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  • Properties sold at auction is a growing trend.
  • Properties are advertised in auction catalogues.
  • By registering with the auctioneer regular copies of catalogue are set by email allowing you time to establish properties you might bid for.
  • The time from receiving the catalogue and the properties being auctioned is limited to about a month.
  • Ideally establish the location and type of property desired before receipt of the catalogue to minimise any delay in previewing properties.
  • If you are buying with cash then finance is not  an issue otherwise have an agreement in principle in place to finance any purchase(s).
  • Normally 10% of the purchase price must be paid on the fall of the hammer.  Bank cards are fine.  This will form part of your deposit depending on the LTV If the LTV is over 90% (unlikely) you still need to pay the minimum 10% and any excess is recovered by the loan.  Conversely if the LTV is lower than 90% then the difference is paid by buyer.
  • The balance payable must normally be paid within 28 days.  Failure to compel can result in loss of the 10% deposit!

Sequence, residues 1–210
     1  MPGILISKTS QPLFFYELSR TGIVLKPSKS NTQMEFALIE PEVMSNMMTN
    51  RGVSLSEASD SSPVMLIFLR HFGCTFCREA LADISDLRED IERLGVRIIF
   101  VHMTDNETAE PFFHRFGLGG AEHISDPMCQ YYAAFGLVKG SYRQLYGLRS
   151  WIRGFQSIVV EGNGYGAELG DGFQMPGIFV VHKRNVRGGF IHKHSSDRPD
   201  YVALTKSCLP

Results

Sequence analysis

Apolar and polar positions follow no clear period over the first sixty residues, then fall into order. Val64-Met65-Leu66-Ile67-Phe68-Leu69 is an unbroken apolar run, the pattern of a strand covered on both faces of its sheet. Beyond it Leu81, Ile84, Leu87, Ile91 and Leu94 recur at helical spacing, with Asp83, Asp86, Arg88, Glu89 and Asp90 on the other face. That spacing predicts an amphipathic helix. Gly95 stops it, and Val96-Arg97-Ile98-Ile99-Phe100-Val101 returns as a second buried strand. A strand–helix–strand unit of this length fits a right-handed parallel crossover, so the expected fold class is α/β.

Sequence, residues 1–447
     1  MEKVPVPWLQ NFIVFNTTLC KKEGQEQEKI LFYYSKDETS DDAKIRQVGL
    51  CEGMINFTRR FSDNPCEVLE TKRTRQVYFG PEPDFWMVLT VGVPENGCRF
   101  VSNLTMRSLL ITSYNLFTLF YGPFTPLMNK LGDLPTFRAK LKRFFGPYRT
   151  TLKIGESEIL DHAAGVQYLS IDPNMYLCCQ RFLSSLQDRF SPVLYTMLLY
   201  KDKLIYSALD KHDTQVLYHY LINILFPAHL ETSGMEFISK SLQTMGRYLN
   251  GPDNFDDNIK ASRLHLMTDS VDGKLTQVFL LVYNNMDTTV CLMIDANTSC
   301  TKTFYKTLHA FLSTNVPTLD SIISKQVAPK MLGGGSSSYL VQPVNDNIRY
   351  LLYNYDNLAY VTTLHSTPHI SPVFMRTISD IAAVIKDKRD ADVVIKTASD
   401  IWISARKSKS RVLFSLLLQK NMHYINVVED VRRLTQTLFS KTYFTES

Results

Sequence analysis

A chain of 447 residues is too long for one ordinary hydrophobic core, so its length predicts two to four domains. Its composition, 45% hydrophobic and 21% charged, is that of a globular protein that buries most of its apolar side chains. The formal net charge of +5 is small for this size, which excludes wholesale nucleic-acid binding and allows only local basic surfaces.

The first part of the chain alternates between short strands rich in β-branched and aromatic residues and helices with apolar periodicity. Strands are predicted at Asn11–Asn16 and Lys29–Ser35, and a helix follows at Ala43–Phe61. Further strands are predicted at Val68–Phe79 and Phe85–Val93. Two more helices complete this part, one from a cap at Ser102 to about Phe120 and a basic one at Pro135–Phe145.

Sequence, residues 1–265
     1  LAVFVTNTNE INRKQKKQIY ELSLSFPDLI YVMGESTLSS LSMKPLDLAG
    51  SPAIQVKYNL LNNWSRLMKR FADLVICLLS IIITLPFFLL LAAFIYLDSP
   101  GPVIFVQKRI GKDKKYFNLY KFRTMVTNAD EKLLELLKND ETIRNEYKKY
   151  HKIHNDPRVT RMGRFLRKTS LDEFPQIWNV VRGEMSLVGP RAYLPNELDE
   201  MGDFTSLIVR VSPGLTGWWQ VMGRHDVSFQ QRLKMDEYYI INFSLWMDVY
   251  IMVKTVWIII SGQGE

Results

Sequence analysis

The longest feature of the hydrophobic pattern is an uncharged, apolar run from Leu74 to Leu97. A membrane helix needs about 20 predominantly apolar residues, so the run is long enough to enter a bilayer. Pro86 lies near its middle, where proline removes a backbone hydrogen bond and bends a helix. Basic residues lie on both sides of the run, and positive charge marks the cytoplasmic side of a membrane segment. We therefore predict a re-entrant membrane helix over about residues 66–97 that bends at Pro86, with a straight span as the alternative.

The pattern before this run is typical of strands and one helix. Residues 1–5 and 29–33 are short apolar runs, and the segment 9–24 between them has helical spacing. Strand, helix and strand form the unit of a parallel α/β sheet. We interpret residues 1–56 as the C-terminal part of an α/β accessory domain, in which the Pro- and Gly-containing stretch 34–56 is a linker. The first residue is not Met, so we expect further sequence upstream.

• Visit the property by appointment.  The auctioneer will provide an information pack as a guide through the process.
  • The property is likely to be dilapidated or suffering from some defect.
  • Have a survey conducted the fee lost may be rewarded by avoiding subsidence costs!
  • Arrange with a solicitor to have the documents ready in the event of a successful bid.  Searches may reveal hidden pitfalls.
  • Register with the auctioneer and arrive very early to avoid being stuck in a corridor during the auction unable to bid - they can be very crowded.
  • Establish the maximum bid value and avoid exceeding this.
  • Do not worry about scratching you nose and inadvertently bidding - you will be given a card with a number to hold up when bidding.  The number corresponds to your registration details. Alternatively telephone bidding on the day obviates the need to attend at all.
  • The biggest problem having gone to so much advanced trouble is that this develops a commitment to the property.  Know when to stop bidding and wait for another deal.
  • Guide prices often achieve double at auction, just keep in mind what it is worth!
  • Pre and post bidding is possible.  Auctioneers will advise how much will secure the deal outside the auction.  If the property fails to achieve the minimum reserve price then the seller may be willing to climb down.  At the end of the auction buyers sellers and the auctioneer (acting as agent for the seller) may cobble together to thrash out a last minute deal.
Published: 5 November 2013 Last Updated: 17 November 2021